67 Michael Gazzaniga quotes Roger Sperry thusly:
“the centermost processes of the brain with which consciousness is presumably associated are simply not understood. They are so far beyond our comprehension that no one I know of has been able to imagine their nature.”
Gazzaniga , Human: The Science Behind What Makes Us Unique (New York: Harper Collins, 2008), 246.
68 Gazzaniga, quoted in Monastersky Richard, “Religion on the Brain,” Chronicle of Higher Education, May 26, 2006, A–15. Gazzaniga can't claim 100 percent adherence to reductionism because of outliers within neuroscience like Sir John Eccles. See Eccles , “The Initiation of Voluntary Movements;” Eccles and Popper , How the Self Controls Its Brain (Berlin: Springer-Verlag, 1994).
69 Consider, for example, the large promissory notes issued in this reductionist view of intentions:
“Intentions … are patterns of neural activity; or perhaps patterns of synaptic strength which are eventually played out into patterns of neural activity. Either kind of pattern clearly has both temporal and spatial extension, which means it must be located somewhere.”Susan Pockett, “The Neuroscience of Movement,” 22 n. 1.
70 Greene and Cohen, “Neuroscience Changes Nothing,” 1781.
71 Susan Pockett, “Introduction,” 1–4.
72 Libet B., Gleason C. A., Wright E. W., and Pearl D. K., “Time of Conscious Intention to Act in Relation to Onset of Cerebral Activities (Readiness Potential); The Unconscious Initiation of a Freely Voluntary Act,” Brain, 106 (1983): 623–42. These findings are restated in Libet , “Unconscious Cerebral Initiative and the Role of Conscious Will in Voluntary Action,” Behavioral and Brain Sciences, 8 (1985): 529–39.
73 Haggard Patrick, Newman Chris, and Magno Elena, “On The Perceived Time of Voluntary Actions,” British Journal of Psychology, 90 (1999): 291–303, at 291.
74 Banks William, “Does Consciousness Cause Misbehavior?,” in Pockett , Banks , and Gallagher , eds., Does Consciousness Cause Behavior?” (Cambridge: MA: MIT Press, 2006), 235–56.
75 Kornhuber H. H. and Deecke L., Hirnpotentialanderungen bei willkurbewegungen und passiven bewewungen des Menschen: beireitschaftspotential und reafferente potentiale,” Pflügers Archiv, 284 (1965): 1–17.
76 Passingham and Lau, “Free Choice and the Human Brain.”
77 Libet, “Unconscious Cerebral Initiative,” at 532.
78 Passingham and Lau, “Free Choice and the Human Brain,” 55.
79 Much of the peer commentary in the 1985 symposium in Behavioral and Brain Sciences was on this topic. See, e.g., Latte Richard, “Consciousness as an Experimental Variable: Problems of Definition, Practice, and Interpretation,” Behavioral and Brain Sciences, 8 (1985): 545–46; James Ringo, “Timing Volition: Questions of What and When About W,” ibid., 550–51. See also Haggard Patrick, Clark Sam, and Kalogeras Jeri, “Voluntary Action and Conscious Awareness,” Nature Neuroscience, 5 (2002): 382–85; Haggard Patrick and Clark Sam, “Intentional Action: Conscious Experience and Neural Prediction,” Consciousness and Cognition, 12 (2003): 695–707. And the debate continues. Banks William and Isham Eve, “We Infer Rather Than Perceive the Moment We Decided to Act,” Psychological Science, 20 (2009): 17–21.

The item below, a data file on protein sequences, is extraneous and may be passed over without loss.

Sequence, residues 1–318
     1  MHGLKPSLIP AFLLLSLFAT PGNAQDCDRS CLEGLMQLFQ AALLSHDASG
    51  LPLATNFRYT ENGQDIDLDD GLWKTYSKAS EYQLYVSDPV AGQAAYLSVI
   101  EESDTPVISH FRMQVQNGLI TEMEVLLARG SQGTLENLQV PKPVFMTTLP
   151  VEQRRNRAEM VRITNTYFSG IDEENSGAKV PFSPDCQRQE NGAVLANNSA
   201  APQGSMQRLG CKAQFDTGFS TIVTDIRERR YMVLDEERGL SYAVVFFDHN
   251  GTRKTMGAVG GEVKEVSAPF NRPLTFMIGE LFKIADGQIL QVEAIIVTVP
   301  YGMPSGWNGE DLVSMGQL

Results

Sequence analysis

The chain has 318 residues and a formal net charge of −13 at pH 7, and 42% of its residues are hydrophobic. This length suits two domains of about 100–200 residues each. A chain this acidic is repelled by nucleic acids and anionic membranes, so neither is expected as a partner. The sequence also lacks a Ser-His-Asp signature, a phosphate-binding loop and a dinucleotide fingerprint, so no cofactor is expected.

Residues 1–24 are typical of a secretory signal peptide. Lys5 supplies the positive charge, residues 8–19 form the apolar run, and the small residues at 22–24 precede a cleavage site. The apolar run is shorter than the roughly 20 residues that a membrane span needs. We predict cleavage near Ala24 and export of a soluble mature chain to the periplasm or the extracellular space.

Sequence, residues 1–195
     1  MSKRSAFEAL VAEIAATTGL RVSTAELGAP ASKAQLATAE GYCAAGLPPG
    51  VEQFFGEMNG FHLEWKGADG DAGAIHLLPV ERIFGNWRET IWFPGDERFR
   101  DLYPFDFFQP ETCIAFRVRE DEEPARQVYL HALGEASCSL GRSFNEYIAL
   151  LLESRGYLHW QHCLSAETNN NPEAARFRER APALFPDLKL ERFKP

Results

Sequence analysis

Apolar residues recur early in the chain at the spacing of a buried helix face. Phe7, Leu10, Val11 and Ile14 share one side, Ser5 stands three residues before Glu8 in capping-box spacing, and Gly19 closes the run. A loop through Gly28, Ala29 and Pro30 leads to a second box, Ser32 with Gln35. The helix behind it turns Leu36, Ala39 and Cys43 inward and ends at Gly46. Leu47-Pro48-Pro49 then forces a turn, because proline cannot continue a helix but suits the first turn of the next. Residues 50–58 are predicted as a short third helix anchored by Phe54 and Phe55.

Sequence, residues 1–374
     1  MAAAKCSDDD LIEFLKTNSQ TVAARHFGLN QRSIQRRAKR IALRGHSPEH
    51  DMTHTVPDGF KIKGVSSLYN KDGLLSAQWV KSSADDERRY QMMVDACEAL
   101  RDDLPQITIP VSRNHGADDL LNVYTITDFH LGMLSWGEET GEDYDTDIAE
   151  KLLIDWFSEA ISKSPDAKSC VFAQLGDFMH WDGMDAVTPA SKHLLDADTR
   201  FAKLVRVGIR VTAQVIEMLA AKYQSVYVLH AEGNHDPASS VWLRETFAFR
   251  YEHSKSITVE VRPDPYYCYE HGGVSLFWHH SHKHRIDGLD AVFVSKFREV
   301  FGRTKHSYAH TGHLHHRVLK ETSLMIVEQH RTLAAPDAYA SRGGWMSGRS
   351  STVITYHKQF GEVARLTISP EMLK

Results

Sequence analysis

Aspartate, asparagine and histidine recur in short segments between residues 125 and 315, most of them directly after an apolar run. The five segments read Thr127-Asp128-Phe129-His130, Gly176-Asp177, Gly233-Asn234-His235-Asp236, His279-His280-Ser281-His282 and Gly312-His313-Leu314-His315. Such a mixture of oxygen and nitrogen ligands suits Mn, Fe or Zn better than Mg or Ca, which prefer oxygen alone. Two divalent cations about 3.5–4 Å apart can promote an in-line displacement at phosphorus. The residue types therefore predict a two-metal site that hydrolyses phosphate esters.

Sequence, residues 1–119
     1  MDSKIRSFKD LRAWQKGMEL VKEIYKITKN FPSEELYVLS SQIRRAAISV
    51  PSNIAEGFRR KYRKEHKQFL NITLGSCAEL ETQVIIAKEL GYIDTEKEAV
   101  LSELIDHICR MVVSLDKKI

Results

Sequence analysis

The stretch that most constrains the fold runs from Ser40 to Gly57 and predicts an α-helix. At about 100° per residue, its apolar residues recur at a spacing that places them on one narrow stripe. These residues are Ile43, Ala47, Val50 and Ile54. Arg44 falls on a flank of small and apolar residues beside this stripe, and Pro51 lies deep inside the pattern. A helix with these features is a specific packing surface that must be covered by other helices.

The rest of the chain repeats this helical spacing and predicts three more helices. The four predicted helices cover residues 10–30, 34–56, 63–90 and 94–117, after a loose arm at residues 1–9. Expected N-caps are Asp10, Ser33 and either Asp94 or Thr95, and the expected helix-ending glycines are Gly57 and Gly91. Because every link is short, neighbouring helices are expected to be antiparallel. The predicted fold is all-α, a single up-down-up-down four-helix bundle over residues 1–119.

80 Haggard Patrick and Elmer Martin, “On the Relation Between Brain Potentials and the Awareness of Voluntary Movements,” Experimental Brain Research, 126 (1999): 128–33.
81 Passingham and Lau, “Free Choice and the Human Brain,” 55–56.
82 Haggard, Cartledge, Dafydd, and Oakley, “Anomalous Control.”
83 Fried, Katz, et al., “Functional Organization.”
84 This was when subjects were told to attend to their intention to move. Lau H. C., Rogers R. D., Haggard P., and Passingham R. E., “Attention to Intention,” Science, 303 (2004): 1208–10.
85 Haynes, et al., “Reading Hidden Intentions in the Brain.”
86 Haynes, et al., “Unconsciousness Determinants of Free Decision.”
87 Nisbett R. E. and Wilson T. D., “Telling More Than We Can Know: Verbal Reports on Mental Processes,” Psychological Review, 84 (1977): 231–59.
88 Bargh helpfully summarizes into ten categories a lifetime of his research on what he has called “the automaticity of everyday life,” (Bargh , “The Automaticity of Everyday Life,” in Wyer R. S., ed., Advances in Social Cognition, 10 (1997): 1–61), in his “Free Will Is Un-natural,” in Baer J., Kaufman J., and Baumeister R., eds., Are We Free?: Psychology and Free Will (Oxford: Oxford University Press, 2008), 128–54, esp. at 136–49. These include evidence of “unconscious goal pursuit over time,” “the absence of ability to accurately report on one's intentions,” “the scarcity of conscious self-regulatory capacity,” “the unconscious mimicry of others' behavior,” and other items. Ibid., 148.
89 Ibid., 138.
91 Wegner Daniel, The Illusion of Conscious Will (Cambridge, MA: MIT Press, 2002).
92 In his reply to the open peer commentary on his book, Wegner acknowledges that “people often read much more into ICW than is there,” and that part of the fault for that lies with Wegner's choice of a “fighting” title. Wegner , “Author's Response,” Behavioral and Brain Sciences 27 (2004): 679–88, at 679, 682.
93 Ibid., 682.
94 Ibid., 679.
95 Wegner, The Illusion of Conscious Will, 96.
96 Ibid., 65
97 Ibid., 4.
98 Ibid., 6.
99 Ibid., 7–8, 100–102.
100 Ibid., 110.